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Can existing embedded applications benefit from Multicore Technology?

June 15th, 2012

Niall Cooling

Director at Feabhas Limited
Co-Founder and Director of Feabhas since 1995.
Niall has been designing and programming embedded systems for over 30 years. He has worked in different sectors, including aerospace, telecomms, government and banking.
His current interest lie in IoT Security and Agile for Embedded Systems.

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It feels that not a day goes by without a new announcement regarding a major development in multicore technology. With so much press surrounding multicore, you have to ask the question “Is it for me?” i.e. can I utilise multicore technology in my embedded application?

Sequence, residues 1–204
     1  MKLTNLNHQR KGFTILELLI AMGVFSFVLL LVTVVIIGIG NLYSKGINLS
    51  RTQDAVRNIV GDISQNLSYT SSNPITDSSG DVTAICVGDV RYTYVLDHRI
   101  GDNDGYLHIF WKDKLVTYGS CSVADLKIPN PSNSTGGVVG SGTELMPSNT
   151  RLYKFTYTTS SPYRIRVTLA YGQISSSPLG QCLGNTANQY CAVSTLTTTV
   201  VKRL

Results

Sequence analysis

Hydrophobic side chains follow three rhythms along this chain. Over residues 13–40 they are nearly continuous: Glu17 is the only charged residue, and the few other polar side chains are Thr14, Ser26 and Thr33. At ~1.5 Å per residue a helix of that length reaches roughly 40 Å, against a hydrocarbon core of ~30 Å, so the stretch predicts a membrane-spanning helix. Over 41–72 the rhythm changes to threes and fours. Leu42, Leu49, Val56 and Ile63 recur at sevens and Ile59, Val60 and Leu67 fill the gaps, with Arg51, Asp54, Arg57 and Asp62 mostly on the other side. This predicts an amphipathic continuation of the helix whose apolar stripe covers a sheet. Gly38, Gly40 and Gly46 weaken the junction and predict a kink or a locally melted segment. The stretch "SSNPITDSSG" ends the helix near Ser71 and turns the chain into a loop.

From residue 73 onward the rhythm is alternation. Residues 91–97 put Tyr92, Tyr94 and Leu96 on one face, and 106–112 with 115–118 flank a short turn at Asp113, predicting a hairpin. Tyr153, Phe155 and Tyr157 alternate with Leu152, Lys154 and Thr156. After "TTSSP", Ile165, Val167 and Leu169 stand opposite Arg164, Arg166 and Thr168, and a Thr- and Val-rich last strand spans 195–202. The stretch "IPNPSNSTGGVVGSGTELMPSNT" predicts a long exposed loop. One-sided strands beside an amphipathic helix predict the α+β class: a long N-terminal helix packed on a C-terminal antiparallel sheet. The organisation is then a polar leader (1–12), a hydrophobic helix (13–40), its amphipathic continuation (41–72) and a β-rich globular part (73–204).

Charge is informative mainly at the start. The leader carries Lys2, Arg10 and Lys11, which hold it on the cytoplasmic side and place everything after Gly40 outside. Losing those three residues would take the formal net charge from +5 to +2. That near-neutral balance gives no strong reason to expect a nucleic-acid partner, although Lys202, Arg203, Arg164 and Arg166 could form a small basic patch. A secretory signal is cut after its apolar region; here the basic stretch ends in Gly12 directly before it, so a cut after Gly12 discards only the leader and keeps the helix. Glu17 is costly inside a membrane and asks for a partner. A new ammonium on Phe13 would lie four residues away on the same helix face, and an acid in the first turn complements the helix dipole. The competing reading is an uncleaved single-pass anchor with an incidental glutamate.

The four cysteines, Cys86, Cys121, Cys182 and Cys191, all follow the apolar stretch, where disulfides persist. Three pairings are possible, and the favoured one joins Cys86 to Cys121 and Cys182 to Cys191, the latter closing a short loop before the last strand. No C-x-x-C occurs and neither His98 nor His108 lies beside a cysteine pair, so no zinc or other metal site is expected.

However, from a software developer’s perspective, all the code examples seem to demonstrate the (same) massive performance improvements to “rendering fractals” or “ray tracing programs”. The examples always refer to Amdahl’s Law, showing gains when using, say, 16- or 128-cores. This is all very interesting, but not what I would imagine most embedded developers would consider “embedded”.  These types of programs are sometimes referred to as “embarrassingly parallel” as it is so obvious they would benefit from parallel processing. In addition the examples use proprietary solutions, such as TBB from Intel, or language extensions with limited platform support, e.g. OpenMP. In addition, this area of parallelisation is being addressed more and more by using multicore General Purpose Graphics Processing Units (GPGPU), such as PowerVR from Imagination Technologies and Mali from ARM, using OpenCL; however this is getting off-topic.

So taking “fractals”, OpenMP and GPGPUs out of the equation, is multicore really useful for embedded systems? Read more »

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